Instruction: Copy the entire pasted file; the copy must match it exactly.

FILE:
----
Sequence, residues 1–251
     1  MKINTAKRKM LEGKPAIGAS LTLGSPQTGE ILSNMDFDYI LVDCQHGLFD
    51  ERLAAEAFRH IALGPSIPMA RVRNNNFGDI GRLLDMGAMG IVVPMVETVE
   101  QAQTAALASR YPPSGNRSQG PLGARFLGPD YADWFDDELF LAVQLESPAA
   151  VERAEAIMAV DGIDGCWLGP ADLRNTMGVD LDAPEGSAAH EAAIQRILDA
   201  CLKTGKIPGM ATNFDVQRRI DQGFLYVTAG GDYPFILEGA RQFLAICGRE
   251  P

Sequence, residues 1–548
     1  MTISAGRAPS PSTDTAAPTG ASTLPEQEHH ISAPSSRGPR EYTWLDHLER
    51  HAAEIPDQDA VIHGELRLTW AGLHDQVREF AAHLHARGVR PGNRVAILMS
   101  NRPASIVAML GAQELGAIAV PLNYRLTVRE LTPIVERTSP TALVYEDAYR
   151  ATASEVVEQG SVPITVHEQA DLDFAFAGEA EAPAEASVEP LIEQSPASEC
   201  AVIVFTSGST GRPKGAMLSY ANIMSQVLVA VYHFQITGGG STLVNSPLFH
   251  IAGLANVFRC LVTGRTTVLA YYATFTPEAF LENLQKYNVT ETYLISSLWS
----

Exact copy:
Sequence, residues 1–251
     1  MKINTAKRKM LEGKPAIGAS LTLGSPQTGE ILSNMDFDYI LVDCQHGLFD
    51  ERLAAEAFRH IALGPSIPMA RVRNNNFGDI GRLLDMGAMG IVVPMVETVE
   101  QAQTAALASR YPPSGNRSQG PLGARFLGPD YADWFDDELF LAVQLESPAA
   151  VERAEAIMAV DGIDGCWLGP ADLRNTMGVD LDAPEGSAAH EAAIQRILDA
   201  CLKTGKIPGM ATNFDVQRRI DQGFLYVTAG GDYPFILEGA RQFLAICGRE
   251  P

Sequence, residues 1–548
     1  MTISAGRAPS PSTDTAAPTG ASTLPEQEHH ISAPSSRGPR EYTWLDHLER
    51  HAAEIPDQDA VIHGELRLTW AGLHDQVREF AAHLHARGVR PGNRVAILMS
   101  NRPASIVAML GAQELGAIAV PLNYRLTVRE LTPIVERTSP TALVYEDAYR
   151  ATASEVVEQG SVPITVHEQA DLDFAFAGEA EAPAEASVEP LIEQSPASEC
   201  AVIVFTSGST GRPKGAMLSY ANIMSQVLVA VYHFQITGGG STLVNSPLFH
   251  IAGLANVFRC LVTGRTTVLA YYATFTPEAF LENLQKYNVT ETYLISSLWS